## MP3 - Section 2: Becoming Experts on Exponential Equations

# Experts on Exponential Equations

Lesson 7 of 11

## Objective: SWBAT solve exponential equations using inverses and graphing.

## Big Idea: Student teams become experts on one approach to solve an exponential or logarithmic equation and present the method to the class.

*40 minutes*

Students should complete the 4 **Clicker Questions** on pages 2-5 of today’s flipchart (solving exponentials using inverses). The questions review the basic definitions of logarithms and the natural logarithm.

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This activity is a great opportunity for students to demonstrate their progress with **Mathematical Practice 3**.** **I am going to assign each team one example problem from the Solving Exponential and Log Equations handout. Each team will have 5 minutes to work through the problem and become an expert on solving it. Later, they will present their findings to the class. As they work they will need to make clear the reasoning behind their work in order to justifying the final answer.

Once about 5 minutes have passed, I am going to have the teams find the one other team in class that worked on the same problem (or two since I have 11 teams total). Then, I want these teams to compare answers and revise. They will now form a new team and make a plan to collectively present the material.

**Differentiation: **While assigning problems to teams I will keep each team’s ability level in mind. The problems do have a range of difficulty. Example 2 would be best to assign to lower level teams as this is an important concept for students to practice and they already have some prior knowledge on this. Example 1 would be a good problem to assign to students with a low reading level or low English proficiency. There is very little language, but keep in mind that the math is a little more challenging. Example 5 requires strong calculator skills so that would be great for a technology savvy team.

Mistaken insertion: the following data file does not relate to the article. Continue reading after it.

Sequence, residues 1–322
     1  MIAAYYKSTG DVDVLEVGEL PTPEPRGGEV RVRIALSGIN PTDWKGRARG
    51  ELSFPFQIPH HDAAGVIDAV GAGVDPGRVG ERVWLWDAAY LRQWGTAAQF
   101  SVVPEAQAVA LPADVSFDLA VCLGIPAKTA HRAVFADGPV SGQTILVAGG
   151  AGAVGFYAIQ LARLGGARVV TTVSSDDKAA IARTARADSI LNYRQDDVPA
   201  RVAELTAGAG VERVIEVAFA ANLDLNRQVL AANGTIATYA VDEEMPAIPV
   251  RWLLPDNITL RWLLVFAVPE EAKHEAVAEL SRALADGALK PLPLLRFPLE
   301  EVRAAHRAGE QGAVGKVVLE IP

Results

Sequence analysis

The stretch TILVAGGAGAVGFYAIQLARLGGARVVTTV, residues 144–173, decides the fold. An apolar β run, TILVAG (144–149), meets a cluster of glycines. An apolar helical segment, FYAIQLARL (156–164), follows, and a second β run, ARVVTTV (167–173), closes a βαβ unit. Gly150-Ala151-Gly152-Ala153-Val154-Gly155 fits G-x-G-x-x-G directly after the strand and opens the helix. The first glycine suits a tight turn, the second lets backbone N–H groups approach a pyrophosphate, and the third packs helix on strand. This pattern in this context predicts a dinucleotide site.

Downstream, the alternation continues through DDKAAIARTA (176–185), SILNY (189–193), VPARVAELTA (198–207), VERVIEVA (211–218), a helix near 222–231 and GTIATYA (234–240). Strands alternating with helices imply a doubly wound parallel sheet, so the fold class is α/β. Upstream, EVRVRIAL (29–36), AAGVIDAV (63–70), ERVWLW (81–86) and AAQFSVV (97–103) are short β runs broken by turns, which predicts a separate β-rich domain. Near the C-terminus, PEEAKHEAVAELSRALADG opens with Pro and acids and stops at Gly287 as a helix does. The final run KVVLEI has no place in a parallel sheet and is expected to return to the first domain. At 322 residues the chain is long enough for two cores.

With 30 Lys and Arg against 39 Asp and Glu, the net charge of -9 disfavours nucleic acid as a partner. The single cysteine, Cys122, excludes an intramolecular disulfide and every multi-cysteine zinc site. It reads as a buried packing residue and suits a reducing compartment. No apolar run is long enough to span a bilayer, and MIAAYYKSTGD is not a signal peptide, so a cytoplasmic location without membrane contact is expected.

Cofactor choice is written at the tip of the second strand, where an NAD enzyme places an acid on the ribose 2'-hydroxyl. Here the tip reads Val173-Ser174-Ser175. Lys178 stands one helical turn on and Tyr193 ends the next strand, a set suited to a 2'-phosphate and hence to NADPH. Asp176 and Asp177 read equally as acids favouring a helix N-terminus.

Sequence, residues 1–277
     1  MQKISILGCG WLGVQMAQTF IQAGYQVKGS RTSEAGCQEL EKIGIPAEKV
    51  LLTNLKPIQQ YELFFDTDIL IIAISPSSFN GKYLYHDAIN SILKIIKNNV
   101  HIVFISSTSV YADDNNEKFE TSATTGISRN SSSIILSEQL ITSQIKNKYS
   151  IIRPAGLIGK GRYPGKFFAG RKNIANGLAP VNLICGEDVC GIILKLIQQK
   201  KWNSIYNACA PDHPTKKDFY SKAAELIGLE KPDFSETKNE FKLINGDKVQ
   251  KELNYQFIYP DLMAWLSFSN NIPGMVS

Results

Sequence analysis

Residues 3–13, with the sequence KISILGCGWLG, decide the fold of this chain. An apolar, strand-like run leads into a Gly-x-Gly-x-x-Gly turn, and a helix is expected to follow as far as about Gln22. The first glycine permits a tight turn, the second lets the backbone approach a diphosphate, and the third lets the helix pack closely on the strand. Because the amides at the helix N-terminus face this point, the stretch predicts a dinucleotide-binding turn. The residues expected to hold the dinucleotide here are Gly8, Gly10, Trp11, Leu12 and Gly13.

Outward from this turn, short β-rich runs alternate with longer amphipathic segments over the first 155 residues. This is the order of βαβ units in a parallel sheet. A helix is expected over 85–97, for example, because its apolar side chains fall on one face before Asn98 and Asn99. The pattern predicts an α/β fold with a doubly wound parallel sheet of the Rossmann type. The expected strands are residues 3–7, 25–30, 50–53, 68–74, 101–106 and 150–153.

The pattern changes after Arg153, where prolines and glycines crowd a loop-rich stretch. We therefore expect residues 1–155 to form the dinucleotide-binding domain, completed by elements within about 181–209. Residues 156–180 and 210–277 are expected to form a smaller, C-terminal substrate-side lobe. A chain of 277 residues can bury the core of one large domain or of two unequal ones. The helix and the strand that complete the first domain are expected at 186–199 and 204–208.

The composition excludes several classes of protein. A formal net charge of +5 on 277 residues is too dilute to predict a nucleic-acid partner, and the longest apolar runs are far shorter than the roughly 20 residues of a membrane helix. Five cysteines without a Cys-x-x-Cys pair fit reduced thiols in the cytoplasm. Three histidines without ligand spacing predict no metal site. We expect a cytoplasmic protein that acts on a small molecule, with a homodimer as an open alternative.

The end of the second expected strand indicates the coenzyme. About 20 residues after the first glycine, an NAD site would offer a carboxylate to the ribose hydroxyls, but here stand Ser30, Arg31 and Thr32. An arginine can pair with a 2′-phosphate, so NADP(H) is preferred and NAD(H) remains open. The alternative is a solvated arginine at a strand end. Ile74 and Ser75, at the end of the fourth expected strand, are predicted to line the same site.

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Each expert team will now present to the class. I don’t like to give too much direction on how teams present their findings. However they think will best teach their peers works great for me. Each team will have only 2 minutes to present. Yes, the time goes quick. So the point is for students to find the most efficient way to explain their process.

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Students’ presentations will trump this closure, so if time permits I would like students to complete a 3-2-1 Assessment for the unit. The directions are on the last page of the flipchart.

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- UNIT 1: Basic Functions and Equations
- UNIT 2: Polynomial Functions and Equations
- UNIT 3: Rational Functions and Equations
- UNIT 4: Exponential Functions and Equations
- UNIT 5: Logarithmic Functions and Equations
- UNIT 6: Conic Sections
- UNIT 7: Rotations and Cyclical Functions
- UNIT 8: Cyclical Patterns and Periodic Functions
- UNIT 9: Trigonometric Equations
- UNIT 10: Matrices
- UNIT 11: Review
- UNIT 12: Fundamentals of Trigonometry

- LESSON 1: What Is A Log?
- LESSON 2: Graphing and Shifting Logs
- LESSON 3: Discovering Log Rules (because logs rule!)
- LESSON 4: Applying Log Rules
- LESSON 5: Puzzling Log Equations
- LESSON 6: Solving Exponential Equations Using Logs
- LESSON 7: Experts on Exponential Equations
- LESSON 8: Modeling Exponentials Using Logarithms
- LESSON 9: Speed Dating with Logarithms
- LESSON 10: Logarithmic Equations Test Review
- LESSON 11: Logarithmic Equations Unit Test